Wells, a tourist town known for its beaches, now has a floating wheelchair available for visitors with mobility restrictions who want to dip into the Atlantic.

The wheelchair was donated to the town Monday by Smile Mass, a Massachusetts nonprofit organization that works on projects to provide access for children and adults with disabilities. Smile Mass has provided floating wheelchairs for more than 75 Massachusetts beaches.

The floating wheelchair given to the town of Wells – the first donation made by the organization in Maine – was the result of good timing and good luck, said Town Manager Jonathan Carter. The town had previously been given a wheelchair with oversized tires to use on the sand, but it could not go in the water and needs repair.

After the town received requests for floating wheelchairs, Carter began researching the price and found they usually cost upwards of $1,500 each. He reached out to Alpha One in South Portland, which focuses on independent living services for people with disabilities, and was given a link to the Smile Mass website. Linda Rizzo, an administrative assistant at the Wells Fire Department, reached out to Smile Mass to learn more about the floating wheelchair program.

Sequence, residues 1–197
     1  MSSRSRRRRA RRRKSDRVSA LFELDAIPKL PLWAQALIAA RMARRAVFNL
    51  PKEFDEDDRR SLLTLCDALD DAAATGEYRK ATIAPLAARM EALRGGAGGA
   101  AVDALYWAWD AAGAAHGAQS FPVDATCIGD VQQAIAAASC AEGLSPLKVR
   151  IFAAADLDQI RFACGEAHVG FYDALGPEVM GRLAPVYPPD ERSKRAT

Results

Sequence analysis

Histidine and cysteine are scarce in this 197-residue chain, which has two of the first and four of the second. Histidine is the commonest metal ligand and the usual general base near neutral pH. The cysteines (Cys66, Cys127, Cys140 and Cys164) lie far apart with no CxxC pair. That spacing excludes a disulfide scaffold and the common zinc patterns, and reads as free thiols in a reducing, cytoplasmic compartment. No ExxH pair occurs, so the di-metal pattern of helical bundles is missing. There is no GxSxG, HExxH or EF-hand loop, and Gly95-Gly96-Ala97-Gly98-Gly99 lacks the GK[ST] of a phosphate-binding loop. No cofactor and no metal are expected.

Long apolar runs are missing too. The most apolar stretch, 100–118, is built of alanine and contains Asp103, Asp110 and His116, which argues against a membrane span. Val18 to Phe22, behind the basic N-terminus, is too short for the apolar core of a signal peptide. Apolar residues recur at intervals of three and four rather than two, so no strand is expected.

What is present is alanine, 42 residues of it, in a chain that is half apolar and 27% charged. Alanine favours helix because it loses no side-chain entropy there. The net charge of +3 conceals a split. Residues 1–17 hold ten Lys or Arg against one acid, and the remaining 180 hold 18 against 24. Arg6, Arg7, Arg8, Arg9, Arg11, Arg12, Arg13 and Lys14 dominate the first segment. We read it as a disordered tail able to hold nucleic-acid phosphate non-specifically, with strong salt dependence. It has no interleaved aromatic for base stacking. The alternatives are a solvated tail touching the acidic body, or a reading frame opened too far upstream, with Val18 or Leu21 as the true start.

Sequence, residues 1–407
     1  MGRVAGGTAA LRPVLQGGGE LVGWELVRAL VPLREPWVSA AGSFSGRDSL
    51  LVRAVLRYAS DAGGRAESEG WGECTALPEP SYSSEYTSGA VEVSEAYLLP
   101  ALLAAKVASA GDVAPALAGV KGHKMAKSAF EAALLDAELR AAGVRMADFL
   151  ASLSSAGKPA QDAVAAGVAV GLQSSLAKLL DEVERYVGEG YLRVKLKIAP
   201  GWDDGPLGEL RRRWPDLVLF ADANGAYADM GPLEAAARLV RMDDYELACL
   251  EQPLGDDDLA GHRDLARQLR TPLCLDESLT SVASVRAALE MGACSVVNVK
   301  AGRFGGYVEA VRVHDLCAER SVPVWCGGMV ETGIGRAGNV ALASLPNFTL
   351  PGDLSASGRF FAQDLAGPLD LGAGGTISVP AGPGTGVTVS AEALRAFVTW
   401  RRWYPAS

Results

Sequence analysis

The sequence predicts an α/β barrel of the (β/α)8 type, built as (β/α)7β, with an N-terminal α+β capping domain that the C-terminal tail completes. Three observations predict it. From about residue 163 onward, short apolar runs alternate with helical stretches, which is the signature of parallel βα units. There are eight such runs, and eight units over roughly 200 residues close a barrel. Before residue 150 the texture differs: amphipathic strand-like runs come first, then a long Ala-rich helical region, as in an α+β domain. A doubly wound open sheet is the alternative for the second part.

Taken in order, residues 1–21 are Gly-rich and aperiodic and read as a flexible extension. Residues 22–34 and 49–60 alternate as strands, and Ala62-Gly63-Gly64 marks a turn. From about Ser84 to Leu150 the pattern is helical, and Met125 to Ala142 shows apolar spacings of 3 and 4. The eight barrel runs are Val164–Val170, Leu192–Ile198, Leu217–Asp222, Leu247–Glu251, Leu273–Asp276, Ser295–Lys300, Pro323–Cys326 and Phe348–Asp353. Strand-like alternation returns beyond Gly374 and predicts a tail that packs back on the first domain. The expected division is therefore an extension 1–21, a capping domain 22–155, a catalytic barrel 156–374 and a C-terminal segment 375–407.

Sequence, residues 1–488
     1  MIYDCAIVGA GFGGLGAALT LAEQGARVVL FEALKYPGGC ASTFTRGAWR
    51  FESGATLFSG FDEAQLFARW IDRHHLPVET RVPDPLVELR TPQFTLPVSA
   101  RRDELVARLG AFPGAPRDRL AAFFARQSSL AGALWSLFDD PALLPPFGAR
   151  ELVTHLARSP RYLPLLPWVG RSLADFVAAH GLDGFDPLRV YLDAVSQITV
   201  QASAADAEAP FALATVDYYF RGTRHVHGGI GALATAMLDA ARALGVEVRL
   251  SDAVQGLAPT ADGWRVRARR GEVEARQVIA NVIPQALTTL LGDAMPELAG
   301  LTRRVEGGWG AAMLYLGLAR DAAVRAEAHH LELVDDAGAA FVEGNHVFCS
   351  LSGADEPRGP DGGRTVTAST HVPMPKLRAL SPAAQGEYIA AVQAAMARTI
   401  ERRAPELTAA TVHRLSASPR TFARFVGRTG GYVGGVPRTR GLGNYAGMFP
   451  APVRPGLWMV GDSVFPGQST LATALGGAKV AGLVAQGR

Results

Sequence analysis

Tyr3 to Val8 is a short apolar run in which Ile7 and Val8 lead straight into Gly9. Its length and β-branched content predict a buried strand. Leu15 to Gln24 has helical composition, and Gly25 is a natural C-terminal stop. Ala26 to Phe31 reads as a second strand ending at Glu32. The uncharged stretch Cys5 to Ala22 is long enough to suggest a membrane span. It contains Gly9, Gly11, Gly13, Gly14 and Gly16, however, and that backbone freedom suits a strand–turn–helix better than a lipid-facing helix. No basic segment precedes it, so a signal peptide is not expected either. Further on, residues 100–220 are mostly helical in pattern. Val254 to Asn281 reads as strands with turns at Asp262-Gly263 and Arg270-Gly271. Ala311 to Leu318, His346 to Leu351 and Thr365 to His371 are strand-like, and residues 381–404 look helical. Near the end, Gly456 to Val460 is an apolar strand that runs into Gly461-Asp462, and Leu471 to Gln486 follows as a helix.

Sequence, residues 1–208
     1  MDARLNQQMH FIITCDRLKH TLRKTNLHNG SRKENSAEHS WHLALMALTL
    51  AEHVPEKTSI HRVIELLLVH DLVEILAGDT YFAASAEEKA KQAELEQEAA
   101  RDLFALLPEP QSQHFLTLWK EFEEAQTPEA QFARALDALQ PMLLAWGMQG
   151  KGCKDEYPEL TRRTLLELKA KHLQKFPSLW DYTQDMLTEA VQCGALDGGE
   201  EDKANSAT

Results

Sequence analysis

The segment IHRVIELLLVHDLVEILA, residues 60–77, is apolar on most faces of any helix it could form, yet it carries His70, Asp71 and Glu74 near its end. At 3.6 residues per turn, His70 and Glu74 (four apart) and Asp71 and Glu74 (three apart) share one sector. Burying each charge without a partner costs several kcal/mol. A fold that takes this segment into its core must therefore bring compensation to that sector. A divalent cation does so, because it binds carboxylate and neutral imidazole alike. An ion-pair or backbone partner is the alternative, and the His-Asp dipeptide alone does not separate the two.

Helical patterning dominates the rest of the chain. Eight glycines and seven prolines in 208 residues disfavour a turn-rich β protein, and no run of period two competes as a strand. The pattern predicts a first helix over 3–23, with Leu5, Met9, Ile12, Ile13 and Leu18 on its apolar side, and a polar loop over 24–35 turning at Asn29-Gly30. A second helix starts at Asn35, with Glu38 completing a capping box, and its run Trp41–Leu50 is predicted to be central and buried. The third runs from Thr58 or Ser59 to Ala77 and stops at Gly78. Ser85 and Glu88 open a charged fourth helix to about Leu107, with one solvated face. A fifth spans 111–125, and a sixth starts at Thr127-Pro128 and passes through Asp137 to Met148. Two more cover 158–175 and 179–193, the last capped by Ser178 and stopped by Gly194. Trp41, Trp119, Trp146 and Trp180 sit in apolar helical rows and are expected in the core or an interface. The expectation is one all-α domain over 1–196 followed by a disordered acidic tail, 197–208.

“Within 48 hours we had a chair,” Carter said. “It was the right time and the right place.”

On Monday, Smile Mass co-founder Susan Brown traveled to Wells to present the floating wheelchair to Carter, Fire Chief Wayne Vetre and Emily Bordeau, a Wells ocean rescue lifeguard captain. Carter said Brown is also donating chairs this week in Ocean Park and at Camp Sunshine in Sebago.

The chair will soon be available on a first-come, first-served basis at the lifeguard shack at Wells Beach at the end of Atlantic Avenue. Once the town works out the process for how the chair will be lent out, more information will be posted on the fire department page of the town website. People who borrow the chair will be asked to sign a liability waiver and may need to provide a copy of their ID.

“We want to be as accommodating as we can,” Carter said. “This will mean more people can enjoy the water.”

Town officials are now considering the possibility of buying another floating wheelchair for Wells Beach and one for the beach at Drakes Island.

Gillian Graham can be contacted at 791-6315 or at:

[email protected]

Twitter: grahamgillian

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